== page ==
You can listen to both podcasts wherever you download or stream your favorite podcasts. I follow both podcasts on YouTube and Facebook group. Their YouTube channel does contain extra content not discussed on the audio shows, so you are encouraged to visit that site. Also here is their blog site.

The Magazine continues to grow.

During the 80s and 90s, Starlog continued to grow in its popularity. The magazine included a greater coverage of topics. Some of it gene related by not necessarily science fiction nor fantasy or horror. The editors may print a story about a docudrama that does related to sci-fi in a certain way. For example, the magazine ran a story on the movie The Right Stuff, which is not a sci-fi movie, but a historical drama that would be an interest to fans. The movie, based on a book with the same title, profiled the life of the first US astronauts during the early days of the space race.

Starlog Magazine helped promoted the rise of the geek culture through the late 20th century and into the 21rst. The editors always reported on the latest movie projects, books, games, and conventions. Starlog has always run ads for contentions since its first issue. Starlog has even sponsored a few conventions of its own during the 80s. The periodical partnered with Creation Entertainment to create the Starlog SF, Horror, and Fantasy Festival. They were smaller scale in size and were held in three separate cities during the mid-80s. A fan favorite, Nicholas Courtney of Dr. Who fame attended all three events.

During the 2000s, the magazine started to lose steam. The periodical had to deal with more competition with the market being saturated with other media. The rise of the internet meant that fans didn't have to wait an entire month for the latest news despite Starlog itself going digital. Then tragedy struck, a fire swept through a warehouse that stored the vast majority of the printed copies of Starlog, there were no back issues reprinted, and soon thereafter, the company filed for bankruptcy. The magazine soon ceased publication in December 2008. There were some plans made to re-start the publication but it was never realized. All of this just three years after its 30th anniversary.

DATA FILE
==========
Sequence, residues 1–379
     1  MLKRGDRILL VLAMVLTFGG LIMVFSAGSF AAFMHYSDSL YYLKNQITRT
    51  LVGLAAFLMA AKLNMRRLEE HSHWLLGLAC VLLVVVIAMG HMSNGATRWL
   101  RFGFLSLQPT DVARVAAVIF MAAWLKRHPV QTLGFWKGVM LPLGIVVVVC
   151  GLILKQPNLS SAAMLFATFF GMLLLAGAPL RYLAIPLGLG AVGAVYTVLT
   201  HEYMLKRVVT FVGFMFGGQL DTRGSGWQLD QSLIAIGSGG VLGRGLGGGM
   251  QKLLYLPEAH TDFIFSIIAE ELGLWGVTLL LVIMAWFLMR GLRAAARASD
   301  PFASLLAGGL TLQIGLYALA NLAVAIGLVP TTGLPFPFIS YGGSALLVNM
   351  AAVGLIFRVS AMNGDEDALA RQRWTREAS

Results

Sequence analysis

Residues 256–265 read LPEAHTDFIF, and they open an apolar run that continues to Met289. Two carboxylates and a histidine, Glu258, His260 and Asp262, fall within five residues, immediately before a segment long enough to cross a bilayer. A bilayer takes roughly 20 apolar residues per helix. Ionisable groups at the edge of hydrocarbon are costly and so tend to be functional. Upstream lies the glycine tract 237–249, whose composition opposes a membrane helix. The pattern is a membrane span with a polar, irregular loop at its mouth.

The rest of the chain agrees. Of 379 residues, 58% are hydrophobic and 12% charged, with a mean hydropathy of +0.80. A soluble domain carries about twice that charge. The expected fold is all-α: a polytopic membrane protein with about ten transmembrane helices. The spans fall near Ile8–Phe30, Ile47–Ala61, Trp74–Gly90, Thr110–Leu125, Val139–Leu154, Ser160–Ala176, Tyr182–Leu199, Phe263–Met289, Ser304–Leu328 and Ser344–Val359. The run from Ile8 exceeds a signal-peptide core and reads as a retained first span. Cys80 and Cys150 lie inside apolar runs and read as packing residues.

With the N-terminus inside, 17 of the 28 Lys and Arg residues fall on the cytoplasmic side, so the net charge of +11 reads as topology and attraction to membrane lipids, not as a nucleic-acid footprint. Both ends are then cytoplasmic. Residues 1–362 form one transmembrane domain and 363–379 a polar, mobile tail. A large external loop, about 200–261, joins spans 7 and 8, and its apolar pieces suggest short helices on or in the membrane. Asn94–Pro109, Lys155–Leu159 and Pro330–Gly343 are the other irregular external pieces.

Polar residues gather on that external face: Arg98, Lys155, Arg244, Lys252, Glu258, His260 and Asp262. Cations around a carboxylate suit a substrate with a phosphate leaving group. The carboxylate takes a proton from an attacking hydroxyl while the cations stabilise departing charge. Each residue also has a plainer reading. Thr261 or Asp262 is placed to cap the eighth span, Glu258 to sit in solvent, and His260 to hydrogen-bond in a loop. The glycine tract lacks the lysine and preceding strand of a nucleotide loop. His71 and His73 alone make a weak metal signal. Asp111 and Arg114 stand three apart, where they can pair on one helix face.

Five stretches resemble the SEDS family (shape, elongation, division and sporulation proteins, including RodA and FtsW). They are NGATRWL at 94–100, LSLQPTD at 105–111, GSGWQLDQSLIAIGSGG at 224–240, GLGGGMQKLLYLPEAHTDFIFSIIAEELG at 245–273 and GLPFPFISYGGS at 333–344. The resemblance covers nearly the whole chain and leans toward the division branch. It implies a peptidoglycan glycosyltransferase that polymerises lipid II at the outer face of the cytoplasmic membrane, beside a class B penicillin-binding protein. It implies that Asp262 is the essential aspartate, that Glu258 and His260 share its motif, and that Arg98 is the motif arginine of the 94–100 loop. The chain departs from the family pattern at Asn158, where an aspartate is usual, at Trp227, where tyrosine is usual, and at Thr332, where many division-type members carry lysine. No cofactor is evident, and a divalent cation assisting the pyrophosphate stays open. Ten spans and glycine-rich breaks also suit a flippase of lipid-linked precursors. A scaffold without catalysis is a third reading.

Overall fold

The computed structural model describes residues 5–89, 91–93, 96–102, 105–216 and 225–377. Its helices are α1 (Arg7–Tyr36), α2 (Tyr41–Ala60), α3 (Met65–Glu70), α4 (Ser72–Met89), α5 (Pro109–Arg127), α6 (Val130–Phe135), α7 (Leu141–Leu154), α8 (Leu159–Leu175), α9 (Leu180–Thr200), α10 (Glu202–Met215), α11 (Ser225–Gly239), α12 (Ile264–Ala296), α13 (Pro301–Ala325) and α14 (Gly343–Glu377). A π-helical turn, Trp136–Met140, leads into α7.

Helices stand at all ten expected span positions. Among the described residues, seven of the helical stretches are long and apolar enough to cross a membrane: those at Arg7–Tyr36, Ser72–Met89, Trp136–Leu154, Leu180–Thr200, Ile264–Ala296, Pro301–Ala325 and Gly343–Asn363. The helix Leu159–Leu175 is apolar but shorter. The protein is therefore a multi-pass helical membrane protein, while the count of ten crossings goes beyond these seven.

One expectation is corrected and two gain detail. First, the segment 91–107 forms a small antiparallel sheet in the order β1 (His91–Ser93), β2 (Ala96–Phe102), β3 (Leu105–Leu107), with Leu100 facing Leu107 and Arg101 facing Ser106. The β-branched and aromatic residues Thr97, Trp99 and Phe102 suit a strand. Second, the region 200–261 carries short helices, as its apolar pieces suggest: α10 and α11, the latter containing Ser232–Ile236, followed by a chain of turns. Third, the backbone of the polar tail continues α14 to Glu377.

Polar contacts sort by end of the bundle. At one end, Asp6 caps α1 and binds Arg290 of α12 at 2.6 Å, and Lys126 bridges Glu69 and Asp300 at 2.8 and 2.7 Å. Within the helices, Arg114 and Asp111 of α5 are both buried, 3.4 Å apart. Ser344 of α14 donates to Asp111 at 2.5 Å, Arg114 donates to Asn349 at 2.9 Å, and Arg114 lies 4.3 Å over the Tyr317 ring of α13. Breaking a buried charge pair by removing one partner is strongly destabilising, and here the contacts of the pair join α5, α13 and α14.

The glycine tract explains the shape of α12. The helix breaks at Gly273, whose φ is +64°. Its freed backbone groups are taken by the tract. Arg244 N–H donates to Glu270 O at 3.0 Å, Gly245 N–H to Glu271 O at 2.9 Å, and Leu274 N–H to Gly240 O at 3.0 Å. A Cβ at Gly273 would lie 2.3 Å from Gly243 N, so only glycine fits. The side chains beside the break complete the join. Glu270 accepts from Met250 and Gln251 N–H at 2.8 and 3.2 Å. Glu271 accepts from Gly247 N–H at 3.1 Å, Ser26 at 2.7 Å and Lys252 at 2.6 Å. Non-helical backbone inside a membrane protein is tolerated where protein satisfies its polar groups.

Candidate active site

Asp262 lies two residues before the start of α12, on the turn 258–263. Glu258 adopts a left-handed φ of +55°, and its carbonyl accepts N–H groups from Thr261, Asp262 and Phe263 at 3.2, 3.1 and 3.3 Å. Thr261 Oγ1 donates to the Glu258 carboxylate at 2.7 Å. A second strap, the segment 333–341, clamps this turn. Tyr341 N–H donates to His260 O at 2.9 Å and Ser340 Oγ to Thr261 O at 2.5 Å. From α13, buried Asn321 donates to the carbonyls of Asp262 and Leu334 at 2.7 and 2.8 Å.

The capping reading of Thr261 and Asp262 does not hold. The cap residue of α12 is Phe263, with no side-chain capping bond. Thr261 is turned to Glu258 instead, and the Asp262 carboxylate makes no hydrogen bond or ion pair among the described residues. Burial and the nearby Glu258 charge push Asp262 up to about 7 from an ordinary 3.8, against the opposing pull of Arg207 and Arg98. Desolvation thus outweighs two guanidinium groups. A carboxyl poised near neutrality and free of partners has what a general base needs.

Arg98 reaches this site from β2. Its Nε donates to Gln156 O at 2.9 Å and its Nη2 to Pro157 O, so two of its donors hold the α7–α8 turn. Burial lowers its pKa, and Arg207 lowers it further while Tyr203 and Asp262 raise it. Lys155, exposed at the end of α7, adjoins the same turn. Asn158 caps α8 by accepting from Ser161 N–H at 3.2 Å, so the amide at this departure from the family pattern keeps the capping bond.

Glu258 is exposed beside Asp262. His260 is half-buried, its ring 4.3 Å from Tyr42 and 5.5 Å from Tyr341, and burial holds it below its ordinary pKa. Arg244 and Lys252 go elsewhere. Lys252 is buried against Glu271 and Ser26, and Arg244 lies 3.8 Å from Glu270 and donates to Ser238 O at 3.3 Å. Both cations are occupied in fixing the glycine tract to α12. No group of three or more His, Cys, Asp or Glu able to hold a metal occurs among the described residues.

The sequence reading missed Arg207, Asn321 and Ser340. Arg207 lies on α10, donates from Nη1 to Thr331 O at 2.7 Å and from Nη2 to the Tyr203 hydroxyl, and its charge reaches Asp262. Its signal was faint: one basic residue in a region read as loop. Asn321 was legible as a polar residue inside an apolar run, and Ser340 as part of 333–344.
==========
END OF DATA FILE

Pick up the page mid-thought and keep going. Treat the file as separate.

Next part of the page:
This was the last issue I read.

My Thoughts.

I loved reading Starlog Magazine back in the day. I can't remember when I read my first issue or what was on the cover, but after reading it for the first time I was hooked. I never had a subscription but simply purchased some issues a the newsstand. I would look forward to movie and TV news, reading in-depth articles on actors, and anything else on fandom. It was thru this publication that I first learned of the classic Dr. Who series even before I watched a single episode of the show. I recall reading about an actor who played a Klingon on Star Trek but was better known as a police captain in the crime drama show, the Mod Squad. I would always discover something new about a favorite movie or TV show that I never knew before. I stopped reading Starlog during the mid-nineties. It just was not appealing to me anymore and I would get my news from other sources. Starlog had a great run back in its day but other machinations eventually killed it off.

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About the Creator

Edward German

A long-time sci-fi fan who loves the internet. I am also writing on subjects other than sci-fi.

you can follow me on "X" @EdwardGerman3 Listen to my podcast The 1950s Science Fiction Podcast on Spotify for Podcasters.

Reader insights

Nice work

Very well written. Keep up the good work!

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Comments (1)

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  • Janiecarmody3 months ago

    "Starlog Magazine captures the essence of sci-fi fandom with its stellar blend of insightful articles and captivating interviews. A celestial journey through the realms of space, technology, and imagination, each issue is a cosmic delight for enthusiasts. The Life of Starlog is a testament to the enduring fascination and wonder that the magazine has brought to generations of fans. Here is a link that might be useful:-